"'The Seven Geases' is finished, but Tsathoggua alone knows what I can do with it," Smith told Derleth on October 4, 1933. "Bates, who liked 'The Door to Saturn' so well, would have grabbed it in all likelihood; but I don't believe the other fantasy editors have any sense of humor."

After Weird Tales' refusal, "The Seven Geases," along with "The Coming of the White Worm," went to Astounding, which also declined them.

Typically, Wright reconsidered the story, illustrating it with an ink portrait of Tsathoggua received from Smith previously. Published in the October 1934 Weird Tales, "The Seven Geases" became the last tale of Hyperborea to grace its pages.

Twenty long years passed between "The Seven Geases" and the return of Satampra Zeiros in "The Theft of the Thirty-Nine Girdles," which, in a delicious irony, brings the series full circle.

This volume, as did Necronomicon Press' previous Tales of Zothique, arranges the stories collected within in strict chronological order as Smith first penned them, because we believe this best reveals the creative mind of the artist at work and we generally shun attempts to impose chronological rearrangement based upon internal evidence as unilluminating at best and of dubious scholarly value at worst.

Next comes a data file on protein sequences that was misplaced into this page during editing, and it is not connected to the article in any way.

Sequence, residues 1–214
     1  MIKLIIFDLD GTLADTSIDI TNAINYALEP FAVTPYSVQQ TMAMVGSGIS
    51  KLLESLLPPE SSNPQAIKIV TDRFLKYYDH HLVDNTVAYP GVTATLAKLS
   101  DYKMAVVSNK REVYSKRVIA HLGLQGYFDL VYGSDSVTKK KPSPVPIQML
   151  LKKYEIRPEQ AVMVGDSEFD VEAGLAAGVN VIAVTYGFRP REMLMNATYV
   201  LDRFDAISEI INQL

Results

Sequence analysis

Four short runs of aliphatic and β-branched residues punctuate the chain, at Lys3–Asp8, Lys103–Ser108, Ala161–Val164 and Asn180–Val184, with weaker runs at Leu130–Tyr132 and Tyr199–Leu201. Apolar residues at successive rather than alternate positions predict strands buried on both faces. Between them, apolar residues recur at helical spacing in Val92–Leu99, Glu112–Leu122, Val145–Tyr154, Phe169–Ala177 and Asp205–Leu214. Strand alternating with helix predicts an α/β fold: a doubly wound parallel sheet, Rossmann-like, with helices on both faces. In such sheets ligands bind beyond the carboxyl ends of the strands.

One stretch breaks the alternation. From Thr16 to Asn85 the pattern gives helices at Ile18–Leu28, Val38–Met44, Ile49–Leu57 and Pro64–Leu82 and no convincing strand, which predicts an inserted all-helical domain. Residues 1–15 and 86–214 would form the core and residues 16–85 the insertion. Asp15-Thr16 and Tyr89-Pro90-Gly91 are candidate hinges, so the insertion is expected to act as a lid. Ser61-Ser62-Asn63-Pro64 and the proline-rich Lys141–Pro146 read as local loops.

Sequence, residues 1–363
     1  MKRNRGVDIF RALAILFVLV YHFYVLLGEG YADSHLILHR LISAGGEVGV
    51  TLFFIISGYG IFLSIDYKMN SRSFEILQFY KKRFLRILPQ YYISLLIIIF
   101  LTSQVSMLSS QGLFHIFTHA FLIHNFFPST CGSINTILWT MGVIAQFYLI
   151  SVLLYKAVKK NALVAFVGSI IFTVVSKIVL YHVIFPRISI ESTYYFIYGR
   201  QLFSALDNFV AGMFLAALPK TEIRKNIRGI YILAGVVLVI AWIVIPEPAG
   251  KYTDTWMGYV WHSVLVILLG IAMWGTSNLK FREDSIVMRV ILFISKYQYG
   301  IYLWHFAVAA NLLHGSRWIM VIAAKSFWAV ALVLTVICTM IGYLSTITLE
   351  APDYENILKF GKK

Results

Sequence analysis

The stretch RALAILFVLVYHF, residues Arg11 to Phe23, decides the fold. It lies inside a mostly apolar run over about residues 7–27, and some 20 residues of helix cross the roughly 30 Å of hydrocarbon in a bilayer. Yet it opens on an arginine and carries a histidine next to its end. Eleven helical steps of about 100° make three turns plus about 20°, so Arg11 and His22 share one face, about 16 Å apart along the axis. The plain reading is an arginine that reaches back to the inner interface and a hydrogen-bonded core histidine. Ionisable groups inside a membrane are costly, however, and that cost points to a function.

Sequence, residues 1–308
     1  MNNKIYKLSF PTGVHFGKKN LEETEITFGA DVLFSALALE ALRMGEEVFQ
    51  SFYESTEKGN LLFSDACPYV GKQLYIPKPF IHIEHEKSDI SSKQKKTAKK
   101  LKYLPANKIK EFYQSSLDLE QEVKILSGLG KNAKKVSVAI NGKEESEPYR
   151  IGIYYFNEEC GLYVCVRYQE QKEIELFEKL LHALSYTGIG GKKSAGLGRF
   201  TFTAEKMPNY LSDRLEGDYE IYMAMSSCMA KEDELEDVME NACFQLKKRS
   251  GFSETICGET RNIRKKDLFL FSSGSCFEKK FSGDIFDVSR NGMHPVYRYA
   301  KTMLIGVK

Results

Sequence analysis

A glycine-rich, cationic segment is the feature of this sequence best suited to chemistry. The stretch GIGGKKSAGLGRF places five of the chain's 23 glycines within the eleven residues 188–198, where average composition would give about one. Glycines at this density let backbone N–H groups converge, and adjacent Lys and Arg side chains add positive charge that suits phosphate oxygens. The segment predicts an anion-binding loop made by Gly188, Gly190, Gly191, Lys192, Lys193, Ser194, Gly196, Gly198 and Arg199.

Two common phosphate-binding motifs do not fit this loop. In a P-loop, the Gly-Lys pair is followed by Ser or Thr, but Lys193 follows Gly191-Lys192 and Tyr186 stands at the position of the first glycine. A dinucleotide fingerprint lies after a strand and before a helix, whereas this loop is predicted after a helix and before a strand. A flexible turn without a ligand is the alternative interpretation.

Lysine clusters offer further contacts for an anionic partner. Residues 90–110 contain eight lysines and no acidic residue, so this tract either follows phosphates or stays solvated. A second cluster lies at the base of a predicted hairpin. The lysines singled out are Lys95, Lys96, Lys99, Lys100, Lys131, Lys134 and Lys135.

Fortunately, Smith dated his manuscripts, so determining the most correct order of stories is fairly straightforward. He also maintained a running list of his various story-cycle entries in his Black Book. Inasmuch as he entered unfinished and fragmentary stories as soon as they were undertaken, sometimes coming back to an incomplete story after finishing a subsequent entry, we have elected to rely on the manuscript date—invariably the date of completion—as our final authority.

Still, it must be acknowledged that the internal chronology imposed by anthologist Lin Carter in the 1971 Ballantine Adult Fantasy collection Hyperborea is quite sound—although it bears no relation to the order in which Smith penned the tales.

Accordingly, the reader coming to Clark Ashton Smith's Hyperborea for the first time will find that the story sequence skips back and forth through Hyperborean eras, with cities rising up and falling back into ruin at random, and doomful hints and portents bearing cold fruit in later tales while older dooms are explained long after the fact.

Bewildering as the experience may be, it is uniquely rewarding to read, or reread, the Commoriom myth-cycle in this sequence, for it reveals the inner creative workings of an uncommonly inventive author undertaking one of the most exacting tasks in fantasy writing—the creation of a fabulous, vibrant realm that never was: Clark Ashton Smith's Hyperborea.